What is hair composed of?
Dead keratinized cells.
What are the types of hair?
1) Vellus: pale, fine body hair of children and adult females 2) Terminal: Course, long hair of eyebrows, scalp, axillary, and pubic regions..
Chief region of hair?
Shaft (keratinization is complete)
What part of hair is the keratinization still ongoing?
Root
Functions of I. System: Protection
Three types of barriers: Chemical, Physical/mechanical, Biological
Functions of I. System: Body Temp. Regulation
Routine of "insensible perspiration" (handprint). At elevated temperature, dilation of dermal vessels and increased sweat gland acitivity (sensible perspirations) cool the body.
Funcitons of I. System: Cutaneous Sensations
Temperature, touch, and pain.
Functions of I. System: Metabolic Functions
Sythesis of vitamin D and collagenase, chemical conversions of carcinogens and some hormones.
Functions of I. System: Blood Reservoir
Skin has up to 5% of bodys blood volume.
Functions of I. System: Excretion
Excretion of nitrogenous wastes and salt sweat (as well as urea).
Most skin cancers are ______?
Benign
Risk factors of skin cancer?
Overexposure to UV radiation, frequent irritation of the skin.
What are the 3 major types of skin cancer?
1) Basal Cell Carcinoma 2) Squamous Cell Carcinoma 3) Melanoma
What is the most dangerous type of skin cancer?
Melanoma
What is the second most common skin cancer?
Squamous cell carcinoma
What is the most common type of skin cancer that is usually least malignant?
Basal Cell Carcinoma
Basal Cell Carcinoma
Stratum Basale cells proliferate and slowly invade dermis and hypodermis. Cured by surgical excision in 99 percent of time.
Squamous Cell Carcinoma
Involves keratinocytes of stratum spinosum. Most common on scalp, ears, lower lip, and hands.
Melanoma
Involves melanocytes. These are highly metastic and resistnat to chemotherapy.
Rule of nines
Anterior and posterior trunk: 36%, Head & neck: 9%, Anterior and posterior upper limbs: 18% Anterior and Posterior lower limbs: 36%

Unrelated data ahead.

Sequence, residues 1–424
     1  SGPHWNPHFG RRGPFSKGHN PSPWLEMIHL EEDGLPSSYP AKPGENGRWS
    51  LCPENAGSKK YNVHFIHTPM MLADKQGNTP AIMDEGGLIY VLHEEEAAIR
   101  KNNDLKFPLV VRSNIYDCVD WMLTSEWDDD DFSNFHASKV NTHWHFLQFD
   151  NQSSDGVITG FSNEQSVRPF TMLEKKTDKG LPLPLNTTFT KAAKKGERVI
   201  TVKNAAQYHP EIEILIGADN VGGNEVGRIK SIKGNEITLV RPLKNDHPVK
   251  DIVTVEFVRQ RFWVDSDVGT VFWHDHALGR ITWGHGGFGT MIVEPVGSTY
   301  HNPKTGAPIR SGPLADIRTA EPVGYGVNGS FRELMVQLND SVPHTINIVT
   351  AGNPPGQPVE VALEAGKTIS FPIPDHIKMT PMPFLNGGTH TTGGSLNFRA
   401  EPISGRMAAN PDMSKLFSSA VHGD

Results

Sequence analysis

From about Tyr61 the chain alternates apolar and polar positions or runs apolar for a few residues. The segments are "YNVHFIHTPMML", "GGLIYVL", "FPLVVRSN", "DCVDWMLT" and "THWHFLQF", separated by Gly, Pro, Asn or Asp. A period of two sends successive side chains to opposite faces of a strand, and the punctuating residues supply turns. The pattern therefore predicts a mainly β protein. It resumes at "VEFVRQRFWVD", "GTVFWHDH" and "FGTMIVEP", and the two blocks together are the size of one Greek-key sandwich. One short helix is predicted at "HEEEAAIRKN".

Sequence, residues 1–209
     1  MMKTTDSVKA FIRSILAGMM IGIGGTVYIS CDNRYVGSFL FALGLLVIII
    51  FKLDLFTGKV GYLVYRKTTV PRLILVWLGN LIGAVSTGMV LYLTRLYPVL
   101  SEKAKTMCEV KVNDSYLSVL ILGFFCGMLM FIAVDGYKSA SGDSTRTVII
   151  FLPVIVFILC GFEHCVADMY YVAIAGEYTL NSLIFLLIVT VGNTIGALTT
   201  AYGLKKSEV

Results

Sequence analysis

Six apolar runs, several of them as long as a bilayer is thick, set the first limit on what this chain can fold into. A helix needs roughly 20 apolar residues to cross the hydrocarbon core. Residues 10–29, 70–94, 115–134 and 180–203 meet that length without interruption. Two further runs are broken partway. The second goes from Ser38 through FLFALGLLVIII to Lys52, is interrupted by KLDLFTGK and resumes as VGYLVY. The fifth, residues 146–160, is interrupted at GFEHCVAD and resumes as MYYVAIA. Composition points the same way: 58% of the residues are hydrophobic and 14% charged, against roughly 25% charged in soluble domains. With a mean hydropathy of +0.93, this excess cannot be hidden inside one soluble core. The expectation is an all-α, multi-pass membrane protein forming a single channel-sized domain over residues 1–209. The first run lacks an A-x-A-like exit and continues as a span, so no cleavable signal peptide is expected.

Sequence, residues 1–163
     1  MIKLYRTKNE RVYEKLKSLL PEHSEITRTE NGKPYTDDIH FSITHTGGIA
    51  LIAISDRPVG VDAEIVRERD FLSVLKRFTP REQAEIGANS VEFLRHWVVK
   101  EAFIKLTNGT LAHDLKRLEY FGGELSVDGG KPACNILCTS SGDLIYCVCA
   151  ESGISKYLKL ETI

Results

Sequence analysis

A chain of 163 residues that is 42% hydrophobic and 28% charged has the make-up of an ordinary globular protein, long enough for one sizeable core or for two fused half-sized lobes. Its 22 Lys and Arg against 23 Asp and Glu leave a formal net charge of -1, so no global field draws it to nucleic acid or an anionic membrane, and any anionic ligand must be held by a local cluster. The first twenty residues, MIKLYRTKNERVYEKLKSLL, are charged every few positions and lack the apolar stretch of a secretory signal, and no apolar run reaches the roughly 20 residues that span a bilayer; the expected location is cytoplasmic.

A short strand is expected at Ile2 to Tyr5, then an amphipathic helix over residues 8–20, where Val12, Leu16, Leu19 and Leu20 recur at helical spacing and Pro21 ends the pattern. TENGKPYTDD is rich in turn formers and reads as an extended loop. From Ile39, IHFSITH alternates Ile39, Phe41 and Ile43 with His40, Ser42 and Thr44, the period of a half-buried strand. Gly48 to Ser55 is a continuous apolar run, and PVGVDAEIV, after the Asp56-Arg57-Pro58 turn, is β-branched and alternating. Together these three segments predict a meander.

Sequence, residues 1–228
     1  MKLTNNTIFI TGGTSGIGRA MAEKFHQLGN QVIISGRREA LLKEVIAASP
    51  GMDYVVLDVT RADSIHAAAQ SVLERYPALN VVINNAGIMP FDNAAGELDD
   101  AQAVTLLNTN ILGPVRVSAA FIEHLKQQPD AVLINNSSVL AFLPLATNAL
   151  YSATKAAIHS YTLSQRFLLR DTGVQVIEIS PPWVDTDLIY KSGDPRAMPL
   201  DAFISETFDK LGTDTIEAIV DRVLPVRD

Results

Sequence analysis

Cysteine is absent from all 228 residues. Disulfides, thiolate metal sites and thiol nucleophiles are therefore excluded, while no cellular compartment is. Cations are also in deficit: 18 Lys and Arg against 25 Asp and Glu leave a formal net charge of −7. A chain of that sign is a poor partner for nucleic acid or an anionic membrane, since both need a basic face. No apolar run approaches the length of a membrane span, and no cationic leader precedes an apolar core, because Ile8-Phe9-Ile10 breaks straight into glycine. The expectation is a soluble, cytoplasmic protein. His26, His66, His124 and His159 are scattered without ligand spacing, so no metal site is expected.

First degree burn
Epidermal damage only
Second Degree Burn
Epidermal and upper dermal damage
Third Degree Burn
Epidermal, dermal, and hypodermal damage. The entire thickness of skin is damaged
Epidermis forms from _____?
Ectoderm
Dermis and Hypodermis form from ______?
Mesoderm
Lanugo coat?
Covering of delicate hairs in 5th and 6th month
Vernix caseosa?
Sebaceous gland secretion; protects skin of fetus
When does sebaceous gland activity increase?
Adolescence
Tactile cells Function
Sensory detection
Hypodermis Function
Skin anchoring
Melanin Function
Protection from UV radiation
Langerhans cells Function
Activate the immune system
Keratinocytes Function
Make a fibrous protein for skin protection
The role of ceruminous glands is to:
produce earwax.
If an individual was unable to produce sebum, what problem would they most likely develop?
They would be more prone to water loss when exposed to low humidity.
Apocrine glands:
are not functional until puberty.
If dermal papillae were missing then what would be absent?
Friction Ridges
One main difference between thin skin and thick skin is that:
in thin skin the stratum lucidum appears to be absent.
Sebacious Glands secrete...
Sebum
Mammory Glands secrete...
Milk
Sudoriferous glands secrete...
Sweat
Ceruminous glands secrete...
Cerumen
Hirsutism is a condition that is characterized by:
Excessive Hair Growth
Keratinocytes
Function mainly to produce keratin.
Melanocytes
Spidery black cells that producethe brown-to-black pigment called melanin.
Epidermal dendritic cells (Langerhans cells)
cells the play a role in immunity.
Tactile (Merkel) cells
Form touch receptors
Nail "Body"
The Visible attached portion.
Nail "Free edge"
The portion of the nail that grows out away from the body.
Nail "Root"
The part that is embedded in the skin and adheres to an epithelial nail bed.
Nail "Folds"
Skin folds that overlap the borders of the nail.
Nail "Eponychium"
The thick proximal nail fold commonly called the cuticle.
Nail "Bed"
Extension of the stratum basale beneath the nail.
Nail "Matrix"
The thickened proximal part of the nail bed containing germinal cells responsible for nail growth.
Nail "Lunule"
The proximal region of the thickened nail matrix, which appears as a white crescent.
Cyanosis
Skin is blue when blood inadequately oxygenated.
Jaundice
Diagnostic for liver disease.
Addison's Disease
Bronzing of the skin hints that a person's adrenal cortex is hypoactive.
Medulla
The central core of the a hair.
Cortex
A bulk lyaer surrounding the medulla, consists of several layers of flattened cells.
When you see "hydrostatic pressure" you should automatically think ______?
Filtration